Abstract: There is an increasing awareness within international institutions today of the importance of an international experience for students who are about to enter our global society and economy. Student mobility programs such as traditional exchanges, work and clinical placements have long contributed to the internationalisation of teaching and learning. Now the Study Tour is an increasingly popular form of mobility chosen by both under graduate and post graduate students, international as well as local, to introduce a cross cultural perspective into their academic program. Study Tours give students a two to six weeks off-shore experience for credit and are an effective way of providing a focused view of another culture, as well as being time and cost effective.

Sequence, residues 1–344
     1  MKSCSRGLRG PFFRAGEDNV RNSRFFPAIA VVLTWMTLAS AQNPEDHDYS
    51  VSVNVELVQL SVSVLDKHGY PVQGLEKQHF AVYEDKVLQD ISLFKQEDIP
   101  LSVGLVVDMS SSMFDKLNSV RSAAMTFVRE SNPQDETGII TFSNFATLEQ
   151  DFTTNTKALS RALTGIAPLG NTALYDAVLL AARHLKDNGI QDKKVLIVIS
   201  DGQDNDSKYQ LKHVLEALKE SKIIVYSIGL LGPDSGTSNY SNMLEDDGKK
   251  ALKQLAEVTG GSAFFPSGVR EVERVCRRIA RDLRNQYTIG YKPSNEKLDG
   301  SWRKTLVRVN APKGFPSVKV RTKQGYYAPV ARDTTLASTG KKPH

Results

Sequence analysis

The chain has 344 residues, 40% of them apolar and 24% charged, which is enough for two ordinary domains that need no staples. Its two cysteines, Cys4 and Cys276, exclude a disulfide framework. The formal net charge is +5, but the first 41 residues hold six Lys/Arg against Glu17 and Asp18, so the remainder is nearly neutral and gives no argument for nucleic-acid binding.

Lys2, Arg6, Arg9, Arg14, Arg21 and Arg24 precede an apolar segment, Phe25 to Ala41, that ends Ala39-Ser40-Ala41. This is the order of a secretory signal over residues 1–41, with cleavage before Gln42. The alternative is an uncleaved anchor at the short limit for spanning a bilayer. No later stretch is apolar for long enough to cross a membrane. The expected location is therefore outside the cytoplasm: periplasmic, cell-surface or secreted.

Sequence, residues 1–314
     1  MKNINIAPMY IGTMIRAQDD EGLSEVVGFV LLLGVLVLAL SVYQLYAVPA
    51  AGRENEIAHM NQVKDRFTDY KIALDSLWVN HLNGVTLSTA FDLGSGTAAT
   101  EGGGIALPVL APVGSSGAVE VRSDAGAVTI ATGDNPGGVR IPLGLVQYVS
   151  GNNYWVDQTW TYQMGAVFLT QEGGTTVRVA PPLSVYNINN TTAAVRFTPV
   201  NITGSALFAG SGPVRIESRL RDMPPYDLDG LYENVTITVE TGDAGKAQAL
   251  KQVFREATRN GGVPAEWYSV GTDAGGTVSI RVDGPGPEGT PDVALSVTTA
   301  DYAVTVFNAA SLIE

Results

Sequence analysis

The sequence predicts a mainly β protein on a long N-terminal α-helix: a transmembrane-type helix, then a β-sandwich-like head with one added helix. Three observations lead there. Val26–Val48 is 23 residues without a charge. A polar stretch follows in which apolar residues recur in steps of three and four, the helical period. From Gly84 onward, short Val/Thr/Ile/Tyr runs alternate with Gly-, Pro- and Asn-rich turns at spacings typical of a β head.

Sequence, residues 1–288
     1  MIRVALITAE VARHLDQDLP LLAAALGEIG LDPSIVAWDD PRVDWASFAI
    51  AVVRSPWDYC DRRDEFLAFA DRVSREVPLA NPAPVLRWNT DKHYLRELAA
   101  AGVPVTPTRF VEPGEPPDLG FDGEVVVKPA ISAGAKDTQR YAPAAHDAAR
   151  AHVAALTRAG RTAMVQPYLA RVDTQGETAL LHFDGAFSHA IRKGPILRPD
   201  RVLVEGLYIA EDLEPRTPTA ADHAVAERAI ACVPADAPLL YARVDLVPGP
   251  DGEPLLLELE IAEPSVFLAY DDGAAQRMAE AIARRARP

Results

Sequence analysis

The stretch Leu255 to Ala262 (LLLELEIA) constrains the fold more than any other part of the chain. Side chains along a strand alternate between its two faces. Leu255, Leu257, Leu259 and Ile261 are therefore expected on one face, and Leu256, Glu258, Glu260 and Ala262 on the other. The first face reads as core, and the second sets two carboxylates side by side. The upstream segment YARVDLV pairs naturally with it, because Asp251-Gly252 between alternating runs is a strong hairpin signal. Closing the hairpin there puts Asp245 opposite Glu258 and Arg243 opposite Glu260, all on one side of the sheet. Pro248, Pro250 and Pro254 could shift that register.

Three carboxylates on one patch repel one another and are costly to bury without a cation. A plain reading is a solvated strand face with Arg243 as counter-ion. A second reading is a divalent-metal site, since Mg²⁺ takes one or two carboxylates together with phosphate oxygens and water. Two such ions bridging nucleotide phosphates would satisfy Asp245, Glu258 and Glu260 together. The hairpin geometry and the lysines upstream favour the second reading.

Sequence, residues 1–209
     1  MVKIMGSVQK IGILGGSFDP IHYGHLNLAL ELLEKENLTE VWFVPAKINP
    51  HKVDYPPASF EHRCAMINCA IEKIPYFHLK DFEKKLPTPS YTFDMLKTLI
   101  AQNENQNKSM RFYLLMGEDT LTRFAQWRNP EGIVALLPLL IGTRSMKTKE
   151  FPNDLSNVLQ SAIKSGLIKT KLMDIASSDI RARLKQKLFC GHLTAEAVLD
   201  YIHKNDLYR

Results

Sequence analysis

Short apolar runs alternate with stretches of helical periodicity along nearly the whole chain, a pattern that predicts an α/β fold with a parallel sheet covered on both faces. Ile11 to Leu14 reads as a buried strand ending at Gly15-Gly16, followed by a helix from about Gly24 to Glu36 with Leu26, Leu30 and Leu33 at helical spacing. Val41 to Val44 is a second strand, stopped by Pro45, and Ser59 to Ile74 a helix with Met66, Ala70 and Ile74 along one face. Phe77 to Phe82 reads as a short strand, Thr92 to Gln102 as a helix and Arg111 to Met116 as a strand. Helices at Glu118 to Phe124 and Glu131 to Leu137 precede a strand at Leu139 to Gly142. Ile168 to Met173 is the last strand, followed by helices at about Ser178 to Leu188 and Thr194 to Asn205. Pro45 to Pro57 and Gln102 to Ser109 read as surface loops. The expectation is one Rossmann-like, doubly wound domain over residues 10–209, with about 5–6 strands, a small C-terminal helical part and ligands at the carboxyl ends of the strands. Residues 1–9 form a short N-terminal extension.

This session is designed to illustrate how the Study Tour model contributes to socio cultural, economic and academic outcomes illustrating why it is an attractive alternative for students to the traditional exchange. A range of models current at Swinburne and RMIT Universities will be presented covering topics including academic guidelines, costings and quality assurance for Study Tours to over 20 destinations in Europe, Asia and the US. Study Tours – What are they?